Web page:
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AI Design for Believable Characters via Gameplay Design Patterns

Copyright © 2011. 17 pages.
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DOI: 10.4018/978-1-60960-567-4.ch002|
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MLA

Lankoski, Petri, Anja Johansson, Benny Karlsson, Staffan Björk and Pierangelo Dell’Acqua. "AI Design for Believable Characters via Gameplay Design Patterns." Business, Technological, and Social Dimensions of Computer Games: Multidisciplinary Developments. IGI Global, 2011. 15-31. Web. 22 Dec. 2014. doi:10.4018/978-1-60960-567-4.ch002

APA

Lankoski, P., Johansson, A., Karlsson, B., Björk, S., & Dell’Acqua, P. (2011). AI Design for Believable Characters via Gameplay Design Patterns. In M. Cruz-Cunha, V. Varvalho, & P. Tavares (Eds.) Business, Technological, and Social Dimensions of Computer Games: Multidisciplinary Developments (pp. 15-31). Hershey, PA: Information Science Reference. doi:10.4018/978-1-60960-567-4.ch002

Chicago

Lankoski, Petri, Anja Johansson, Benny Karlsson, Staffan Björk and Pierangelo Dell’Acqua. "AI Design for Believable Characters via Gameplay Design Patterns." In Business, Technological, and Social Dimensions of Computer Games: Multidisciplinary Developments, ed. Maria Manuela Cruz-Cunha, Vitor Hugo Varvalho and Paula Tavares, 15-31 (2011), accessed December 22, 2014. doi:10.4018/978-1-60960-567-4.ch002

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Abstract

We address the problem of creating human-like, believable behavior for game characters. To achieve character believability in games, the game designer needs to develop that character so that it fulfills as many aspects of believability as possible. With believable behavior we mean that the game is consistently structured in terms of narration or gameplay so that it is possible to build and maintain coherent relations between the actions of the characters. In this paper, we first analyze the general patterns for game characters design in detail concentrating on the aspects that are relevant to the AI design. Then, we present an agent architecture that we are developing, and discuss how this architecture can address the identified design patterns.
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Introduction

Game characters have an important role in the playing experience, because people are fine-tuned to act in social situations. Damasio (2005) argues that a part of the brain is specialized for reasoning and making decisions in social situations. Different studies imply that people react to human-like entities similarly with how they react to people (e.g., Reeves & Nass, 1996; Schulte-Rüther, Markowitsch, & Piefke, 2007). In addition, theorists argue that understanding what other people or characters are experiencing depends on action-perception coupling and mimicry (e.g., Decety & Jackson, 2004; Niedenthal, Barsalou, Winkielman, Krauth-Gruber, & Ric, 2005). This coupling means, for example, that when one seems someone smiling happily, one tend to smile and feel happy also. Mimicry seems to be rather involuntary and autonomous; people have only limited control over mimicry (e.g., Dimberg, Thunberg, & Elmehed, 2000). Characters need not to be realistic (Mickey Mouse), but the expressions and behaviors need to resemble human ones.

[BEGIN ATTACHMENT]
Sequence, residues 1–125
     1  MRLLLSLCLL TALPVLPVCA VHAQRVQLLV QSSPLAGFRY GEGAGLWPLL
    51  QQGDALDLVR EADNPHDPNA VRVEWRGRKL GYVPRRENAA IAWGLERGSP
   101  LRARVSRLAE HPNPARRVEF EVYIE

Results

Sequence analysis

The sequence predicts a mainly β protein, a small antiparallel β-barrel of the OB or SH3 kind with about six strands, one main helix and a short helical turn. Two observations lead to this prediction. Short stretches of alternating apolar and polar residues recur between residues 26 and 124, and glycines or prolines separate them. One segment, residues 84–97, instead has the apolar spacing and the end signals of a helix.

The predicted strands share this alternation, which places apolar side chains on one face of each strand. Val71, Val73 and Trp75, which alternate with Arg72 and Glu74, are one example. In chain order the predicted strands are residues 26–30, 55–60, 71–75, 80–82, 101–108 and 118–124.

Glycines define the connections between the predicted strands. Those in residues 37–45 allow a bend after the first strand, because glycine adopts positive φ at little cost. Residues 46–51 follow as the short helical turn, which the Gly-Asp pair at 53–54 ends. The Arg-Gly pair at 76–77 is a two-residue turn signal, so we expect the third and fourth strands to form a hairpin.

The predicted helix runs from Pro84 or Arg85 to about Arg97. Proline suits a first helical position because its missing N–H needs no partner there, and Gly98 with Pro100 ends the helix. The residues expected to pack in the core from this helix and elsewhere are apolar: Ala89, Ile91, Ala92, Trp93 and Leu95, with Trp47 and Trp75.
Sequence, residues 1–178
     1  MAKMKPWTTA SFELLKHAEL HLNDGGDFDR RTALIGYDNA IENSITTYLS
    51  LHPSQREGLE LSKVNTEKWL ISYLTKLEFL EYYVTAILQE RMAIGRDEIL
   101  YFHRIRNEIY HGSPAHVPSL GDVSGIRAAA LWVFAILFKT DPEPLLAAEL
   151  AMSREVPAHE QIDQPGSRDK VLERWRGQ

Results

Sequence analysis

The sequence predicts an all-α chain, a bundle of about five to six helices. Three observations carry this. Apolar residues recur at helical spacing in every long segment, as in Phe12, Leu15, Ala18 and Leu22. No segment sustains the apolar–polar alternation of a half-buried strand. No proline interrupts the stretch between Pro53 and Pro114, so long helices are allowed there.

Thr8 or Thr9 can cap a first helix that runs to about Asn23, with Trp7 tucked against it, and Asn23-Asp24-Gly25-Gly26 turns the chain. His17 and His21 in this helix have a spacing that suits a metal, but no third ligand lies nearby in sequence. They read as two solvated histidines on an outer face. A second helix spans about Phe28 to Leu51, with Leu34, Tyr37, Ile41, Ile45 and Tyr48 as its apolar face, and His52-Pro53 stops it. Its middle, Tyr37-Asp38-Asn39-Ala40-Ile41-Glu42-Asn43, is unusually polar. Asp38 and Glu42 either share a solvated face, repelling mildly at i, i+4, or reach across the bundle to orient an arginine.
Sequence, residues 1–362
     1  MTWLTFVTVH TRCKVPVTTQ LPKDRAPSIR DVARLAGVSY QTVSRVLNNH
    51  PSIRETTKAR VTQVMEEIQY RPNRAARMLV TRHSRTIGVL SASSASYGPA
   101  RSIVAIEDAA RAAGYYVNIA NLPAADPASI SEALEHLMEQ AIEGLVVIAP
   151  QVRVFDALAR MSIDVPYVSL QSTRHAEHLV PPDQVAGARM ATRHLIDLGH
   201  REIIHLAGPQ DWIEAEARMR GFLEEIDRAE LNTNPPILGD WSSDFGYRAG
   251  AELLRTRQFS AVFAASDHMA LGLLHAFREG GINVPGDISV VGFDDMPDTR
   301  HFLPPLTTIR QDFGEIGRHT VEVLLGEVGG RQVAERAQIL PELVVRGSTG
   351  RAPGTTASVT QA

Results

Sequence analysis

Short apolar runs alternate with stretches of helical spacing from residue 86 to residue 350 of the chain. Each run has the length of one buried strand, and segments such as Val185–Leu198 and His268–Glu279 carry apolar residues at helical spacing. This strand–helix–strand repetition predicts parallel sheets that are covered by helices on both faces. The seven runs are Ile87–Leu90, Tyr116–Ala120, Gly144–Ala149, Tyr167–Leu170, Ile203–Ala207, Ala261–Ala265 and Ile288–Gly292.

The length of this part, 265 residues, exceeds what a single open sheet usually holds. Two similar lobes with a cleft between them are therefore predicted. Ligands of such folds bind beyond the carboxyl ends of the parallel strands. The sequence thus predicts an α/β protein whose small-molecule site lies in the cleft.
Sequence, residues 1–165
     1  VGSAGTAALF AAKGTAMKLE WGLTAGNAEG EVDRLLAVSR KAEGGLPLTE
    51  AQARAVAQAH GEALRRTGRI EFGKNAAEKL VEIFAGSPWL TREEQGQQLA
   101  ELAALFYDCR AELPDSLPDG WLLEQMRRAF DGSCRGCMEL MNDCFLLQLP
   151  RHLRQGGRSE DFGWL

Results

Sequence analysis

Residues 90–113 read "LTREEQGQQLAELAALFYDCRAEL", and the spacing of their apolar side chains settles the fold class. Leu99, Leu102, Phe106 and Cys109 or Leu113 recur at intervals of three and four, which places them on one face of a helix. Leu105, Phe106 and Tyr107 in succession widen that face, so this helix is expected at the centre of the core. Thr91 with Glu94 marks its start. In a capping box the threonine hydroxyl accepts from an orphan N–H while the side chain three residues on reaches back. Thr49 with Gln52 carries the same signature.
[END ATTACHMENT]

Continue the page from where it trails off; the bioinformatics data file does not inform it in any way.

To create human-like and believable behavior for a game character, the designer needs to develop that character so that it fulfills as many aspects of believability as possible. Lankoski and Björk (2007b) define believability as follows: “By believability we mean that the game is consistently structured in terms of narration or gameplay so that it is possible to build and maintain coherent event indexes (relations between the events).” Lankoski and Björk (2007a) argue that character can be looked at from three perspectives: physical (e.g., sex, health, posture, and appearance), social (friends, social standing, and family), and psychological (intelligence moral standards, skills, attitude, complexes, and goals). They base their proposal to drama theorist Lajos Egri’s (1960) method for theatre writing. These perspectives are connected and every feature in one has implications in terms of what is a possible and plausible feature in the other. As very simple examples, a skilled gymnastics moves differently than a man weighting hundred kilos, and person who is a afraid of snakes reacts to the presence of a snake differently than one who owns a snake. When non-player characters (NPCs) 1 should have emotional expressions towards events in the game word, the character design needs to be detailed enough to give basis for reasoning how the NPCs should react emotionally to the possible events.

Lankoski and Björk (2007a), following Egri (1960), look at how the character qualities can be used to create believable conflict. While conflict design is not discussed here, it is noteworthy that this character design approach extends beyond designing single characters.

Isbister (2006) describes how different attitudes (or aspects of the personality) and emotions show in the character’s facial expressions and posture. For example, a friendly person smiles and maintains eye contact (but does not stare) and a dominant person tends to control conversations and take up more physical space than a submissive one.